A cloud of smoke that is bigger than the European Union is covering large parts of Siberia.
Wildfires in Russia continue to reach for a third month across the normally frozen region.
The UN's World Meteorological Organization (WMO) said the wildfire smoke covers more than 5 million square km (more than 1.2 billion acres or 500 million hectares), a size larger than the European Union, which is about 4.5 million square km or 1.1 billion acres or 450 million hectares.
A number of large fires in Russia, Greenland, Alaska and Canada have discharged 50 megatonnes of CO2 in June and 79 megatonnes in July, The Guardian reported.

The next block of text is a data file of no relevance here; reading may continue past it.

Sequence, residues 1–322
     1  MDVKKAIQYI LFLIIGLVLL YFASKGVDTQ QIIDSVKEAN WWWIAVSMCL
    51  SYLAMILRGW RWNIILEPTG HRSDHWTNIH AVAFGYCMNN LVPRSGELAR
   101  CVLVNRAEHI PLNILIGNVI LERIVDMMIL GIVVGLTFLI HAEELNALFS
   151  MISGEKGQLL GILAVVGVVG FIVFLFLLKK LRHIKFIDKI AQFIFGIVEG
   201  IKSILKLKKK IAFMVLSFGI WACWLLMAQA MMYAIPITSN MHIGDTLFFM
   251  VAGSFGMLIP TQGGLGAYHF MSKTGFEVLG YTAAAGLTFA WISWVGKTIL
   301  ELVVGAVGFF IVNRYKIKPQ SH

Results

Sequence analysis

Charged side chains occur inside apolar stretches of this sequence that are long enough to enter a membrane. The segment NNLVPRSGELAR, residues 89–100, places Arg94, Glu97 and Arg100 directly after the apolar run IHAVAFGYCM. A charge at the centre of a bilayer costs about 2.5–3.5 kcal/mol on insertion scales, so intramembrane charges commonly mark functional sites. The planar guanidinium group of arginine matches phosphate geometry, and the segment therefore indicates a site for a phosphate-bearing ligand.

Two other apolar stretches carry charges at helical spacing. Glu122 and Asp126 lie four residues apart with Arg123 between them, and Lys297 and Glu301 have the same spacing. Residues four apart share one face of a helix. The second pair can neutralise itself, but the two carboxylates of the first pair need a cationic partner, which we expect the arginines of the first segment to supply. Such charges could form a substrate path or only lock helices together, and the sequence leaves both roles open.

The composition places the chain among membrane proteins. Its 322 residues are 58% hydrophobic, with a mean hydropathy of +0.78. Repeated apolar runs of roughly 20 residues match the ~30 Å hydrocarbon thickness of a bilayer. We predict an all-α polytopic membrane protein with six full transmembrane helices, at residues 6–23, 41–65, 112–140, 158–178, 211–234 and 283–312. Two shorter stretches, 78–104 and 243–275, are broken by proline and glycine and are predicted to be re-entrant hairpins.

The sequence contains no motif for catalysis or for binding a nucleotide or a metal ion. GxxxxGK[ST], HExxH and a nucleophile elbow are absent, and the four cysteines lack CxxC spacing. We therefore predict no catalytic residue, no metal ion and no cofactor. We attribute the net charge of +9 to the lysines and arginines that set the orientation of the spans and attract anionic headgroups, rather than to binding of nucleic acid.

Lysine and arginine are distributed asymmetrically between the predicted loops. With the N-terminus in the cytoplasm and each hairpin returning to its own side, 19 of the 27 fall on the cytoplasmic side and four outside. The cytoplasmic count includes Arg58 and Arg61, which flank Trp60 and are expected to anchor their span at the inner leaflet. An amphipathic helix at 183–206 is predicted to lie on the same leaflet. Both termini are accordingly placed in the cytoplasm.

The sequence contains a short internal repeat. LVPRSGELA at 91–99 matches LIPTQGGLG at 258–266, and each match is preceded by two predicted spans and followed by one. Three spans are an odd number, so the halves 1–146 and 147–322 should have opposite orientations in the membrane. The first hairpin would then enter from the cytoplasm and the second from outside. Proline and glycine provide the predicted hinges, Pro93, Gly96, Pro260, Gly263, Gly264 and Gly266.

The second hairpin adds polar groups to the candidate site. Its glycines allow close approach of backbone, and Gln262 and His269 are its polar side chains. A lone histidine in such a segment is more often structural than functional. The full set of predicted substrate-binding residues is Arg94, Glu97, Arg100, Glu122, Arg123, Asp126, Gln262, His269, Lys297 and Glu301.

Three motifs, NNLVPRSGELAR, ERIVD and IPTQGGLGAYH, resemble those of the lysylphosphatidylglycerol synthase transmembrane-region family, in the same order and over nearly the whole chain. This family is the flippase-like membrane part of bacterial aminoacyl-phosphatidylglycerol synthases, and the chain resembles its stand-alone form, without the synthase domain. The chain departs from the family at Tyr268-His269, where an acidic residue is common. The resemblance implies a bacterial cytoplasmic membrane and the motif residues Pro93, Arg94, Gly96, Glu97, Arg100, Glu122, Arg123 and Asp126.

A total of 25 megatonnes has been discharged so far in August.
Russian president Vladimir Putin called in the army last month to combat the fires, while four regions of Siberia declared a state of emergency.
It is thought that the blazes have destroyed 4.3m hectares in Siberia alone.
Greenpeace Russia wildland fire expert Anton Beneslavskiy said: “These fires should have been put out at the very beginning, but were ignored due to weak policies.
“Now it has grown into a climate catastrophe that can not be stopped by human means.
“Russia should increase efforts in forest protection and provide sufficient funding for firefighting and fire prevention.
“The problem of wildfires should be addressed at the international level in the global climate agreements to keep global warming below 1.5°C.”
Greenpeace warned the situation will “remain catastrophic” in the next two weeks because of weather conditions.
Smoke has blown away from major Siberian cities but continues to surround settlements in remote forest areas, it said.